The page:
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While the rest of us maintain our careers – however volatile they may be – safely here in London, peripatetic architecture professor Marga Jann, AIA, RIBA, DPUC, continues to teach her particular brand of socio-environmentally aware, ‘live project’ design in places other architectural practitioners rarely venture.
Since participating in the AIA UK chapter as UK Board Correspondent in 2010/11, Prof Jann – or more commonly, “Marga” - has held teaching positions in Uganda (2011-12) and Saudi Arabia (2013-14) as part of a Cambridge Visiting Fellow/Research Associate research project (2011 to date). Exotic as these places may be, they merely follow her earlier experiences as a Fulbright Senior Scholar in Sri Lanka (2005-6) and as a Visiting Professor in South Korea (2008-9) and Cyprus (2009-11).
Back ‘from the field’ in 2014, she returned to Cambridge for some well-earned rest and a chance to catch up with AIA UK colleagues. She also took the time to record her comparative teaching experiences as a lasting legacy.
Although she had planned to stay in Europe for the time, in 2015 she was invited to teach in The Bahamas and could not resist the offer. After the rigours and political intrigues of Saudi Arabia, it was a welcome change to assume the duties of Visiting Associate Professor at the College of the Bahamas (COB) - an institute of higher education looking forward shortly to becoming a full university in line with its major role in the Caribbean.
Marga’s first teaching priority is typically to get her architecture students involved in live community-service (‘hands-on’) projects. In the Bahamas, her first local contact was with the Adventure Learning Centre & Camp, founded in 1986. In collaboration with ALC Director, Tim Seeley, it was agreed that the COB architecture students should provide design input for two cottages scheduled for construction in 2016/17. These cottages were to employ the latest technology in solar energy and to serve as models for sustainable and affordable hurricane-resistant design throughout the islands, particularly in wake of Hurricane Joaquin.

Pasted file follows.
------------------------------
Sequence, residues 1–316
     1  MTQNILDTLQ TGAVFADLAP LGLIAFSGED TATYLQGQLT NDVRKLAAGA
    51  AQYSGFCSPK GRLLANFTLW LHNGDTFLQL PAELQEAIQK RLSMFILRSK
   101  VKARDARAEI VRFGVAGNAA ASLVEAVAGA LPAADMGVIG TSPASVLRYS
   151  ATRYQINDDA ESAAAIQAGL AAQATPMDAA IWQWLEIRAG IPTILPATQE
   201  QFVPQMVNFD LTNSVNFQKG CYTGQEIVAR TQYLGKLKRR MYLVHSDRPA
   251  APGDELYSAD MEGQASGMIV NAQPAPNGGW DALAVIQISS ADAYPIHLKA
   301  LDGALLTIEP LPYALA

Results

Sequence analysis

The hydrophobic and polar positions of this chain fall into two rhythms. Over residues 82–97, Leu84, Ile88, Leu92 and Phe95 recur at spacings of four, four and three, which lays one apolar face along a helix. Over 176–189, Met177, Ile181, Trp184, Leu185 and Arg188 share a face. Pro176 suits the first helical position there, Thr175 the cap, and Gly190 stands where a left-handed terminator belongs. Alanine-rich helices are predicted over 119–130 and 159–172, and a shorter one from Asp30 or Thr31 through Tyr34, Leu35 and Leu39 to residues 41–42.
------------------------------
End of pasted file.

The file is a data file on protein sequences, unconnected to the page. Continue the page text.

Encouraged to be inventive while developing indigenous building themes, the resultant student designs included elevated structures; rainwater harvesting; edible landscaping; anti-mosquito screened porches and windows; hurricane shutters, sliding security doors; cooling and protective vegetal walls; natural, cross-ventilation; and solar roofing. For good measure, consideration was also given to seismic design and accessibility requirements. You can view more here and here.
This tropical initiative was seen both as an opportunity to share sound design principles with the larger Caribbean community and to help sustain the environment and culture through the encouragement of traditional ‘Bahamian aesthetics’ —especially with regard to local detailing and colour palette. On a wider level, Marga has been exploring the Bahamian ‘Junkanoo’ tradition and its potential to inform and positively impact future design projects.
Will Marga settle in paradise? She has a US home base in Hawaii - where she has also taught - as well as in her native New York. However, as she puts it, ‘I have a propensity for islands and the Tropics, but am glad to serve where need should arise—there is so much design work to be done in the world, particularly in developing regions, if architects would only dare to reach out and explore more, particularly now that the “world is flat”.’
Author: Lorraine King